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General Guide To Understanding Open Source Intelligence (OSINT)

man sitting and reading newspapers OSINT
Private Investigators Have Always Used Open Source for Intelligence and Investigations Before It Became a Fad


Information is the most potent currency, and those who can harness it hold the key to solving complex puzzles and unveiling hidden truths. Private investigators are the modern-day Sherlock Holmes, tasked with piecing together the fragments of individuals' lives, corporate secrets, or legal cases.

Contrary to the belief of modern social media, private investigators have been conducting open source investigations before it was the new fad of the decade. Now every YouTube'r talks about the subject. The truth is, any private detective, or police detective for that matter, have been using publicly sourced information to aid them in their investigations long before it was the latest great topic to vlog about.

What is OSINT?

OSINT, or Open Source Intelligence, is data collected from publicly available sources to be used in an intelligence context. This information can be accessed without any type of clandestine methods and is available to the general public. Sources for OSINT include information from the media (newspapers, radio, television, etc.), professional and academic records (papers, conferences, professional networks, etc.), public data (government reports, budgets, hearings, telephone directories, speeches, etc.), and more recently, the Internet (blogs, forums, social networking sites, and other forms of social media).

Historical Military Beginnings

The term "open source" originates from the CIA's use of the term to describe overt, publicly available sources (as opposed to covert or classified sources). It is important to note that the use of open sources by intelligence agencies is not new. Sun Tzu, in "The Art of War," speaks about the importance of knowing the enemy and understanding a multitude of factors that could be considered early forms of intelligence gathering. However, the formalization of OSINT started in the military and intelligence communities during World War II, when all sides used publicly available information to gain insight into the intentions, resources, and conditions of other nations. During the Cold War, OSINT became a key component of the intelligence used by both sides, given the need to gather as much information as possible about an adversary without provoking hostilities.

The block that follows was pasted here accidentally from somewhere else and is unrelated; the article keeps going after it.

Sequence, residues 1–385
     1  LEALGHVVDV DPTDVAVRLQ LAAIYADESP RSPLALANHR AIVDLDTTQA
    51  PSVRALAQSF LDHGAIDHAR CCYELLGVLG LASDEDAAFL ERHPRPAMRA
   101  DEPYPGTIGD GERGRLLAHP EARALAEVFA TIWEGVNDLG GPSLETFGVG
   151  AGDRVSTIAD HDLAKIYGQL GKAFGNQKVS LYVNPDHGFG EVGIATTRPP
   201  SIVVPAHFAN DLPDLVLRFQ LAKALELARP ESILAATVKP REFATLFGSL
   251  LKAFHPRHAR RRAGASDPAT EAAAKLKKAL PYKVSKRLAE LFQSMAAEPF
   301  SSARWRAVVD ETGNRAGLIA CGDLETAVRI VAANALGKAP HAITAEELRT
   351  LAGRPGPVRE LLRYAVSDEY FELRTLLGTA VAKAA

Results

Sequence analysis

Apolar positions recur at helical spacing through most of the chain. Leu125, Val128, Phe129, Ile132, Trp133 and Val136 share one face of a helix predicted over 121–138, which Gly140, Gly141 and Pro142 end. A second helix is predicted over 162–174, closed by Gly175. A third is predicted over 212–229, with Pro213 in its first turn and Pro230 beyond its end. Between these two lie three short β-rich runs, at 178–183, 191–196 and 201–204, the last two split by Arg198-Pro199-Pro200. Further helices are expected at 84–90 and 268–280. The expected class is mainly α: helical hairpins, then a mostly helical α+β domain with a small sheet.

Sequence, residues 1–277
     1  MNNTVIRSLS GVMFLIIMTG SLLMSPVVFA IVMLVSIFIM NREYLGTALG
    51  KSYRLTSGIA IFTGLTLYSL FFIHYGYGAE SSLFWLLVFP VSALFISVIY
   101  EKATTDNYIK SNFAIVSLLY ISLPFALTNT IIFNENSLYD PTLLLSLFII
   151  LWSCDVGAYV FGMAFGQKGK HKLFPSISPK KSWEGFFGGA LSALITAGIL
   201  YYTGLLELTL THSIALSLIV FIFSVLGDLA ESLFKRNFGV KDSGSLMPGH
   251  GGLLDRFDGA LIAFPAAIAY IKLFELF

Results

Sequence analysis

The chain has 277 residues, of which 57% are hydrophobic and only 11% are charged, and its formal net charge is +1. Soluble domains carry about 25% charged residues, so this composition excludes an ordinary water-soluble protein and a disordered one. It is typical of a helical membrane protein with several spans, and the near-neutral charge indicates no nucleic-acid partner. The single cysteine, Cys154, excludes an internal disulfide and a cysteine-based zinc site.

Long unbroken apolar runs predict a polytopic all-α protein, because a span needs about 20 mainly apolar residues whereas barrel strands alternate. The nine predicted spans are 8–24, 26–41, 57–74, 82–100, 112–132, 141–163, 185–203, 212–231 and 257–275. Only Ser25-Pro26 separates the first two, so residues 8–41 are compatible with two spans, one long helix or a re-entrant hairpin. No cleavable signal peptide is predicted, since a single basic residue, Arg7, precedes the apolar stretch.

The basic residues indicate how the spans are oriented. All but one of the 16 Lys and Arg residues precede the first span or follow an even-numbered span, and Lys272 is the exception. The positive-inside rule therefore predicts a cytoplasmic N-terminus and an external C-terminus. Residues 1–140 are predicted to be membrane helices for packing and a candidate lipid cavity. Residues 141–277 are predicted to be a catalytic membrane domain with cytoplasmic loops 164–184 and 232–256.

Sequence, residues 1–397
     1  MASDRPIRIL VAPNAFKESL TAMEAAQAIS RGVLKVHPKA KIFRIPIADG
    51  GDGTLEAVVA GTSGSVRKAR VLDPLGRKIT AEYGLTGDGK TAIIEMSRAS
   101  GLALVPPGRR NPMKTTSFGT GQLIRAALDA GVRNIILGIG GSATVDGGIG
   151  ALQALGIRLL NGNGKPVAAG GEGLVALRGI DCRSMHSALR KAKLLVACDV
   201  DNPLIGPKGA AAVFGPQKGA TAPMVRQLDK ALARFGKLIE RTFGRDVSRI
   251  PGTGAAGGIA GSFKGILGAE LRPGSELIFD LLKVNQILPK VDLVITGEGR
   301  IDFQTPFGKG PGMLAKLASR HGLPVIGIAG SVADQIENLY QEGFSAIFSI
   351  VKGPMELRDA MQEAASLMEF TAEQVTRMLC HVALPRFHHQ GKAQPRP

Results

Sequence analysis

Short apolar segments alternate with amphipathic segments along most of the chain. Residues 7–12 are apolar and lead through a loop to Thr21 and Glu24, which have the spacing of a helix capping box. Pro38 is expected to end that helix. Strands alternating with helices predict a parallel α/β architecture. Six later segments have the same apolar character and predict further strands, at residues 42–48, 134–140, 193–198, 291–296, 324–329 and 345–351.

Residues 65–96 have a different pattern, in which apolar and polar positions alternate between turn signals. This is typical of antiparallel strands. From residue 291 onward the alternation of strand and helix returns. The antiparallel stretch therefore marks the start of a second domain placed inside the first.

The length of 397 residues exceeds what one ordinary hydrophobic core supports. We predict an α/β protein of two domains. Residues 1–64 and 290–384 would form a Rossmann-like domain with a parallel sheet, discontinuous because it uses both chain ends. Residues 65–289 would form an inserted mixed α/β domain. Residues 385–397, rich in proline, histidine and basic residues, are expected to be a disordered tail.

In the contemporary era, OSINT has continued to be a critical part of national security operations. In the United States, for example, the CIA's Directorate of Digital Innovation is heavily involved in collecting OSINT through various forms of electronic and digital data.

How OSINT is Gathered

OSINT is gathered through a process that starts with identifying the intelligence requirements and planning the collection. Analysts then collect information from available sources, evaluate the information for reliability and relevance, and then analyze the data to create actionable intelligence.

The internet has revolutionized OSINT collection. Today, much of this collection takes place online, as vast amounts of information are shared digitally. Social media platforms, blogs, news sites, online databases, forums, and other internet resources are treasure troves of information. Advanced search engines, data scraping tools, digital forensic techniques, and software that analyzes and organizes large data sets (big data) are all part of modern OSINT operations.

The Subsets of OSINT

Open Source Intelligence (OSINT) encompasses a wide range of information and sources. The intelligence community often divides these into different subsets based on the nature of the source material or the methods used for gathering information. Understanding these subsets is crucial for effectively navigating the vast landscape of open-source data. Here are the primary subsets of OSINT:

Public Records (PUBREC)